Academic journal article The Journal of Linguistic and Intercultural Education

Intercultural Communication and Literature: Elif Shafak, the Bastard of Istanbul

Academic journal article The Journal of Linguistic and Intercultural Education

Intercultural Communication and Literature: Elif Shafak, the Bastard of Istanbul

Article excerpt

I am more interested in showing the things we have

in common as fellow human beings, sharing the same

planet and ultimately, the same sorrows and joys rather

than adding yet another brick in the imaginary walls

erected between cultures/religions/ethnicities.

Elif Shafak

1 Introduction

The role and place of intercultural communication in our world can be emphasized not only through specialized research and observation of target groups but also through literary works. I totally agree with the Romanian historian Neagu Djuvara1 who once stated in an interview that sometimes literary works can render or explain a historical period in a much illustrative way than a scientific demonstration. Obviously, this confrontation depends upon the encyclopaedic competence of the person engaged in the 'observation'.

Marked by the entanglement between her writing talent and her formation (she followed studies in International Relations), Elif Shafak offers to the public novels capable to bridge the gap between close or distant cultures and civilizations.

The subjects of her novels, coming from past and present, as well as from different cultures may be particularly revealing in the study of intercultural communication. For the present analysis, from her ten books translated into more than thirty languages, I have chosen the sixth, The Bastard of Istanbul, published in 2006 in Turkey and in 2007 in England although it was first written in English (in fact her second novel written in English)2.

My analysis is based on the iceberg's metaphor and the intercultural values resulting from the encounter between the visible and the invisible parts of three different cultures in an attempt to show that through this type of confrontation one can keep his/ her cultural identity without entering in conflict.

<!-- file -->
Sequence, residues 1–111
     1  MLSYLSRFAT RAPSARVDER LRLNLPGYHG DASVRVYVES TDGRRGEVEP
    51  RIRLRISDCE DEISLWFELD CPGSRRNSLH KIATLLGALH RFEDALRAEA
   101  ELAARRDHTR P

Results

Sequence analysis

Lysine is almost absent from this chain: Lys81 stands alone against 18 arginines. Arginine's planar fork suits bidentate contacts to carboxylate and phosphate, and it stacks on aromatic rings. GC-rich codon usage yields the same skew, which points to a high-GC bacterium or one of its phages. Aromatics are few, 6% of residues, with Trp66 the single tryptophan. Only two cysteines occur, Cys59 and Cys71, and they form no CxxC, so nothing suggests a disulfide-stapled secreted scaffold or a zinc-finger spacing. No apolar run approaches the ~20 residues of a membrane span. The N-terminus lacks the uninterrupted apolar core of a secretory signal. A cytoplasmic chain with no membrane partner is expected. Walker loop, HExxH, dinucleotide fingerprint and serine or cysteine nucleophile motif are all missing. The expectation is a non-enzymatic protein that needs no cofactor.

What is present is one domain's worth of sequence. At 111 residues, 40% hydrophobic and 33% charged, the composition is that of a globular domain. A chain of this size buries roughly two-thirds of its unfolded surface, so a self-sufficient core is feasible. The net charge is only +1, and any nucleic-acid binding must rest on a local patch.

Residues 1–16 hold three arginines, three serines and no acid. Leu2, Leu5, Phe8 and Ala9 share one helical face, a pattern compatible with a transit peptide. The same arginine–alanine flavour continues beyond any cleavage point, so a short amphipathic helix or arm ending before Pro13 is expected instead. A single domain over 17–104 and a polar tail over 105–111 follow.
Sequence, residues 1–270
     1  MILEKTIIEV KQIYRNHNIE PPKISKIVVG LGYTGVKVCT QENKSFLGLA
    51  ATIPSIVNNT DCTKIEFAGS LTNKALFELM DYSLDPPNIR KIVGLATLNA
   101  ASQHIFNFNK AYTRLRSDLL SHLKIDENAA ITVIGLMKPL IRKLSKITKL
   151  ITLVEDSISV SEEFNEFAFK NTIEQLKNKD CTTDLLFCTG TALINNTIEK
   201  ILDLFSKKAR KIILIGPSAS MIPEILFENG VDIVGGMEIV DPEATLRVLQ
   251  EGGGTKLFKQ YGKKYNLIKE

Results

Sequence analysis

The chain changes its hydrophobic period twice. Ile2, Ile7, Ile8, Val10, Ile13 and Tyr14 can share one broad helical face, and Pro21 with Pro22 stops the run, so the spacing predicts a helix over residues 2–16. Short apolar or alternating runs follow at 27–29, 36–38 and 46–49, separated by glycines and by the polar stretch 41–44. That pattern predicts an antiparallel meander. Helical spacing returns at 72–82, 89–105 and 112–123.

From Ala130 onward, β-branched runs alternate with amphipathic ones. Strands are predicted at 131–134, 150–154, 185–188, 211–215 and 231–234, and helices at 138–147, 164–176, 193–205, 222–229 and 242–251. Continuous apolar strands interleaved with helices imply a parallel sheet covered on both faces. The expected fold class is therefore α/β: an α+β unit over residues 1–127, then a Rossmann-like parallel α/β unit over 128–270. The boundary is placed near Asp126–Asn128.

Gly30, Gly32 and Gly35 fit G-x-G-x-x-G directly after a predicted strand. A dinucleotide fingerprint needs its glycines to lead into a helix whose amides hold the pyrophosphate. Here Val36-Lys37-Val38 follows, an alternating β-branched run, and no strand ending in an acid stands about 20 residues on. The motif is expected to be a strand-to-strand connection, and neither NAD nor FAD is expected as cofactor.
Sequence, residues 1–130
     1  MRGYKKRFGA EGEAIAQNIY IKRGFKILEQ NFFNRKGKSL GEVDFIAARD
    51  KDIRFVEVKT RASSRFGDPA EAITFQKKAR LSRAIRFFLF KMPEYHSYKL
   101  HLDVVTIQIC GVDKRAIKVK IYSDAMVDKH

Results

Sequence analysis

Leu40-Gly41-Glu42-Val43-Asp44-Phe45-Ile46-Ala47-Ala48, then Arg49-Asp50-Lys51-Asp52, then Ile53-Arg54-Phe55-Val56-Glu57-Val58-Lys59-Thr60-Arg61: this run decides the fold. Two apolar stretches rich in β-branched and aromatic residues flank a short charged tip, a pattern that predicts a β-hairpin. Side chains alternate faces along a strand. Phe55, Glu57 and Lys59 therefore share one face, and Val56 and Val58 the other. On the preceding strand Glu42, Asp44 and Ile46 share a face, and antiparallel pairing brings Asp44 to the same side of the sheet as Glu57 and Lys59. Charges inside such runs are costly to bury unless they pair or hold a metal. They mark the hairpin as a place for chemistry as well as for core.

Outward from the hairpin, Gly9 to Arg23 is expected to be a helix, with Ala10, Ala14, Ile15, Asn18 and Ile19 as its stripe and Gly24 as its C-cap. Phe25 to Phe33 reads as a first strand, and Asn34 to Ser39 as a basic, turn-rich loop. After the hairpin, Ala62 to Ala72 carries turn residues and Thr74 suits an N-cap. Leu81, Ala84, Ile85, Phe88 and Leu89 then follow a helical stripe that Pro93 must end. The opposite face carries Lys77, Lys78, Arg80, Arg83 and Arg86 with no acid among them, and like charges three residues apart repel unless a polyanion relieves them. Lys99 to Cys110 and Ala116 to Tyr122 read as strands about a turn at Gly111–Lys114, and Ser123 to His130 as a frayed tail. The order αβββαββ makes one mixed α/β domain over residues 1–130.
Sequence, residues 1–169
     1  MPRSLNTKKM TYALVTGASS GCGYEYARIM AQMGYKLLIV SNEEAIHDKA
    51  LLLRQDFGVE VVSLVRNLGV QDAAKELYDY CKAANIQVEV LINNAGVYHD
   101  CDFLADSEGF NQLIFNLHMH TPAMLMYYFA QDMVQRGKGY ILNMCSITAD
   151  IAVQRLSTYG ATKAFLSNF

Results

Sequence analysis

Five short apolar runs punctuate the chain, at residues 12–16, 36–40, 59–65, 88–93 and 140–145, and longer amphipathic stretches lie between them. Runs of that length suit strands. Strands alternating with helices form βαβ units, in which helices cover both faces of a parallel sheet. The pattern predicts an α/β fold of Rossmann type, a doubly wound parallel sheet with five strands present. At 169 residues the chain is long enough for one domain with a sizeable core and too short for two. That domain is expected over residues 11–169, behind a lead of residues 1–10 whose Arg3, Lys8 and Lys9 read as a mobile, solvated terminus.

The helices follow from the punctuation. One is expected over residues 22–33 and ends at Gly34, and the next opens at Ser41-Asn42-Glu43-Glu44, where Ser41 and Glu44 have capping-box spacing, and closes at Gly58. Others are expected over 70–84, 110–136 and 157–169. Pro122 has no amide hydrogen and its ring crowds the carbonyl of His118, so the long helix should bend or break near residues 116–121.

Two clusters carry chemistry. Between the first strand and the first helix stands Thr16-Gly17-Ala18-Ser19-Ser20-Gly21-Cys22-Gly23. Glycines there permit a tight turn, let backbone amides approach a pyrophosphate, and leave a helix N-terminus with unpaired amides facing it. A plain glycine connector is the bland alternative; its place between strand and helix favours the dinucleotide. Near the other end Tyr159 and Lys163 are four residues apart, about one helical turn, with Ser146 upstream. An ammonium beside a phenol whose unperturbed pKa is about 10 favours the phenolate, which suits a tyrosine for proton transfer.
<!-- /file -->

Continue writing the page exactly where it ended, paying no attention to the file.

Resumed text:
2 Theoretical grounds

The present research is mainly forged on definitions and concepts taken from Stella Ting-Toomey's Communicating across cultures (1999), as well as from Florence Kuckhohn and Fred Strodtbeck's (1961) value orientation method.

According to Ting-Toomey, intercultural communication represents "the symbolic exchange process whereby individuals from two (or more) different cultural communities negotiate shared meanings in an interactive situation . The major characteristics of this definition include the following concepts: symbolic exchange, process, different cultural communities, negotiate shared meanings, and an interactive situation." (1999: 16-17)

In other words, the constituent elements of this definition are: two persons (or two groups) of different cultures (a very broad definition of culture), in interaction, negotiating a common signifier (country, identity, family, language, spirituality). Stella Ting-Toomey defines culture as a complex frame of reference

that consists of patterns of traditions, beliefs, values, norms symbols, and meanings that are shared to varying degrees by interacting members of a community. [...]

Culture is like an iceberg: the deeper layers (e.g. traditions; beliefs, values) are hidden from our view; we only hear and see the uppermost layers of cultural artefacts (e.g., fashion, trends, pop music) and of verbal and nonverbal symbols. However, to understand a culture with any depth, we have to match its underlying values accurately with its respective norms, meanings, and symbols. It is the underlying set of beliefs and values that drives people's thinking, reacting, and behaving. Furthermore, to understand commonalities between individuals and groups, we have to dig deeper into the level of universal human needs (such as safety; security, inclusion, dignity/respect, control, connection, meaning, creativity, and a sense of wellbeing). (Ting-Toomey 1999: 10)

When two icebergs meet we are talking about intercultural communication. The question is how one of the icebergs is perceiving perceives the other. On which grounds is one founding his perceptions and interpretations since such an important part of the other is invisible? …

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